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Ben Affleck, Michael Clarke Duncan, Jennifer Garner, Colin Farrell, Jon Favreau

Directed by: Mark Steven Johnson
Written by: Brian Helgeland, Mark Steven Johnson, Carlo Carlei, Chris Columbus
Produced by: Gary Foster, Avi Arad
Distributor: 20th Century Fox/New Regency

US: 14/02/03 UK: 13/02/03

Popular Marvel Comics character Matt Murdock, son of a boxer who gets killed by petty criminals for refusing to take a dive. This drives young Matt to fight crime, despite a childhood accident that blinded him. That same accident, however, also granted him exceptionally advanced senses of hearing, touch, taste and smell, as well as providing him with a strange sort of mental radar that helps to compensate for his lack of vision. After training hard in the martial arts, as well as excelling in law school, Murdock becomes a lawyer by day and a vigilante calling himself Daredevil by night.

The big question about Affleck. Is it a rug or not? We should be told. And as for Farrell, the guy is only 5 foot five inches for crying out loud. What sort of hero is is?

1 June/Moviebus: MTV 2003 movie awards

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Ben Affleck gets all hot and sweaty in his skin tight suit.


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Ebert & Roeper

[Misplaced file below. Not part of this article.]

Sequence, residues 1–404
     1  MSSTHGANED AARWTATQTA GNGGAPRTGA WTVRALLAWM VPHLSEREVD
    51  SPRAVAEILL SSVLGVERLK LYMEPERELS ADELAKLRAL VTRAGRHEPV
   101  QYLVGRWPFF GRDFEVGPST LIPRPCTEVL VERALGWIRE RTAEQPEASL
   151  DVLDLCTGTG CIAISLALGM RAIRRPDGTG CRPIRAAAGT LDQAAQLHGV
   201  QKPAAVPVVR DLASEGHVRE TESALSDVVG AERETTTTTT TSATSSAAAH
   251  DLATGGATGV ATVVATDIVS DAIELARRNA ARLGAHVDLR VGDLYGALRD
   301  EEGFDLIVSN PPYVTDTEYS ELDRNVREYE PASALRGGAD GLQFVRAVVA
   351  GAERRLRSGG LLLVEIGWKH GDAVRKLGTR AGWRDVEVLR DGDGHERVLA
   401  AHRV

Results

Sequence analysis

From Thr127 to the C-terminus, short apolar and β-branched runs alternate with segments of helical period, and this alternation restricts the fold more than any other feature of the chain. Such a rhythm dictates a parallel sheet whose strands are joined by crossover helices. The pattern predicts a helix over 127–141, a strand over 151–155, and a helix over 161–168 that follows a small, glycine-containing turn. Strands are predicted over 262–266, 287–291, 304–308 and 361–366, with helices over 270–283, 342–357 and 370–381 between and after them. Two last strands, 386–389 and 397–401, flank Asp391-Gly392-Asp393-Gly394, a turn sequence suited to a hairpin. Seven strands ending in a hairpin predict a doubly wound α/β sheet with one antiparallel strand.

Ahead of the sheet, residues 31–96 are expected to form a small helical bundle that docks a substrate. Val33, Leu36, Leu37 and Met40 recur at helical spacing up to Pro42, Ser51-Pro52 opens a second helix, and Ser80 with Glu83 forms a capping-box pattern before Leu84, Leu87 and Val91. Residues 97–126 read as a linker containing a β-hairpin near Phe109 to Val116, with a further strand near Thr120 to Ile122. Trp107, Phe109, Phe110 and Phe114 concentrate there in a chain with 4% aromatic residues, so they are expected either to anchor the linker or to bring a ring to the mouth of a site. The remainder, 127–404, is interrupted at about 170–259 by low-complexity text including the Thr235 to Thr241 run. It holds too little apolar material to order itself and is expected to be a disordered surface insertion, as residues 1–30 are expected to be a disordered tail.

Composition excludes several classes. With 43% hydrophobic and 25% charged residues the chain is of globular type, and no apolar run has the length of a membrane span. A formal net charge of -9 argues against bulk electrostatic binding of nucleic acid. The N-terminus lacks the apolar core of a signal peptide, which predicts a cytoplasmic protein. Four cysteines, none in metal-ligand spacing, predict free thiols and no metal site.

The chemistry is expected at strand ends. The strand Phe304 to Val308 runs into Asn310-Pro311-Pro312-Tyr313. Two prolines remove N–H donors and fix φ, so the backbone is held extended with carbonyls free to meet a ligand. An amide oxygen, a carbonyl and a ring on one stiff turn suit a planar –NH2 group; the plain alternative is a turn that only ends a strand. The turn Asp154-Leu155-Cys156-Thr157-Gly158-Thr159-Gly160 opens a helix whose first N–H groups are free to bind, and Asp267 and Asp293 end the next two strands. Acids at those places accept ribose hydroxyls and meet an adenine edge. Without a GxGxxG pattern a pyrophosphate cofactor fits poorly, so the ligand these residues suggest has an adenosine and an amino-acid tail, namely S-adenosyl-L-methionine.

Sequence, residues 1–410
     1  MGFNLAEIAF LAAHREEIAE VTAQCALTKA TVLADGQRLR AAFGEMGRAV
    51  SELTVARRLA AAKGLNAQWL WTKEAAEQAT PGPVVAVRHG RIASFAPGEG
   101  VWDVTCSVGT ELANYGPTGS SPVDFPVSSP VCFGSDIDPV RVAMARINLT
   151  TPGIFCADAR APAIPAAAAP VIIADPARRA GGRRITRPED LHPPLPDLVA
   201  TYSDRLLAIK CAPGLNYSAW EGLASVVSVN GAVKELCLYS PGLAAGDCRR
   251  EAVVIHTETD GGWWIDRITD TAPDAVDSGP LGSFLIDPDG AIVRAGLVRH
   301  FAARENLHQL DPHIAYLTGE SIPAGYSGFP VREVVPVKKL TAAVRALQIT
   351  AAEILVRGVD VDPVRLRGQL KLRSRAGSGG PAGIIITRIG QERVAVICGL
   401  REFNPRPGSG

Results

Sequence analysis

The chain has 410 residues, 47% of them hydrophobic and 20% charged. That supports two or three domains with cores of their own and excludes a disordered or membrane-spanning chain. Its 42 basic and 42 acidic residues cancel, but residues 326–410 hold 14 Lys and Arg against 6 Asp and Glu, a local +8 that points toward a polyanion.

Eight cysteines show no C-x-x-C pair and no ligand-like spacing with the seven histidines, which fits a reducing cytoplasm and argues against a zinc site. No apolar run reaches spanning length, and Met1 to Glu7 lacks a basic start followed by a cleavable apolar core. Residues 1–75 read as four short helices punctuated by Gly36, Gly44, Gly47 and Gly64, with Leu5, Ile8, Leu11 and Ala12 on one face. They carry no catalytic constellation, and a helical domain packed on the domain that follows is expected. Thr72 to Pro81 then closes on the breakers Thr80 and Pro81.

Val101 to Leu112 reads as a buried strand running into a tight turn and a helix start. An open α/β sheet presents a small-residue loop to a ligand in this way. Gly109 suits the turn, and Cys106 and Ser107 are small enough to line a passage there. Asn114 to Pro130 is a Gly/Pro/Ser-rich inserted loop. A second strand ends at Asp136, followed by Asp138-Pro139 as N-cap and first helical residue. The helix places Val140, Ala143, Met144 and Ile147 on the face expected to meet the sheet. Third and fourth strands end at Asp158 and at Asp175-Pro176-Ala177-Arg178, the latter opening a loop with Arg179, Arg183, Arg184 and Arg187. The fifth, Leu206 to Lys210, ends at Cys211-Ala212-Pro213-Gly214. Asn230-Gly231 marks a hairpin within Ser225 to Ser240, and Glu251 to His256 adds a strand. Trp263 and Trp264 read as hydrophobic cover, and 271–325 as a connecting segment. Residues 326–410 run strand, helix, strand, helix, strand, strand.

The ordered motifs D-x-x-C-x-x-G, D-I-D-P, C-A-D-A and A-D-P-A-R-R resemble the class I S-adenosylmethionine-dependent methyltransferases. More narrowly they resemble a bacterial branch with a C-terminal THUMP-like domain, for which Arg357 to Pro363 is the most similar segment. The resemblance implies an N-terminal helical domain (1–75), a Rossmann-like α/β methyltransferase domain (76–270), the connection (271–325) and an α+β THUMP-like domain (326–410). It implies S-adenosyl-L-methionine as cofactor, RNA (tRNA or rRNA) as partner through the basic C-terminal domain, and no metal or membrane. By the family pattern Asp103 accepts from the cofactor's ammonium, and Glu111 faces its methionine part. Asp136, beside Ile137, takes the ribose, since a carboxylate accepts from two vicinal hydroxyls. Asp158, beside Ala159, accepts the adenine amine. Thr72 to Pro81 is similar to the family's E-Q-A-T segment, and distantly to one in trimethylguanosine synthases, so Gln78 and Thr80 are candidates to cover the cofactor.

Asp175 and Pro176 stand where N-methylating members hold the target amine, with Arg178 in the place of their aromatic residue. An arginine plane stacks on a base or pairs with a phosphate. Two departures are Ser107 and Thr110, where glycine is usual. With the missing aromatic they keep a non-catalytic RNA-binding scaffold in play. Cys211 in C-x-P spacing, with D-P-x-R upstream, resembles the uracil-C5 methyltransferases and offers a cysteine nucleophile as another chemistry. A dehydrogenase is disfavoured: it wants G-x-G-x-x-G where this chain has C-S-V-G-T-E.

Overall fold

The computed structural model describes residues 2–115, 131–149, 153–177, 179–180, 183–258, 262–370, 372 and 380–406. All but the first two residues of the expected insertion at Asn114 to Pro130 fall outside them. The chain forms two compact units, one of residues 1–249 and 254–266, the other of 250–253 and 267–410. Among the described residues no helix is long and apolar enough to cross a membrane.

Dave Reviews Out Loud
The Marvel Comics stamp is hard to miss, as it features more orphaned (or single-parent) characters driven by a deep desire for vengeance to put their superhuman abilities to use and take the law into their own hands. Matt Murdock (Affleck) was blinded as a young child and developed highly tuned senses that let him "see" better than most people. But when his father (Keith) is killed he becomes a vigilante recluse by night, pro bono lawyer by day. After years alone, he meets his love match in Elektra (Garner), a billionaire's daughter who's more than Matt's equal in street fighting abilities. But she and her father are now targeted by New York's crime Kingpin (Duncan) and his psychotic Irish henchman Bullseye (Farrell).

Despite the standard superhero plotline, the film has a nicely original look and feel to it. Writer-director Johnson (Simon Birch) injects a grainy earthiness to both the cinematography and dialog. The characters are all darkly shaded and quite interesting, much more rounded than most comic-book movies, although we never really identify with anyone. Affleck plays the blind-lawyer scenes very well, bouncing nicely off Garner, Favreau (as his hilarious legal partner) and Pantoliano (as a nosey newspaper hack). As usual, he's a bit overwhelmed by the Daredevil suit, but at least it's not the usual lycra/rubber job (maroon leather anyone?). Farrell, meanwhile, steals the film as the vicious killer who's simultaneously the comic relief--his rabid, murderous nuttiness is both gruesomely over-the-top and hilarious. Technically, the film looks excellent. The effects ingeniously allow us to see what Matt hears; although there are a few computer animated sequences that don't look remotely real, and you have to get yourself into the mood to accept a Crouching Tiger/Matrix bend of gravity-defying action sequences. If Spider-Man was from the sunny and bright Superman school of comic book films, this is much more in the Batman mould--shadowy, tormented, sexy and very violent. It's also surprisingly good.


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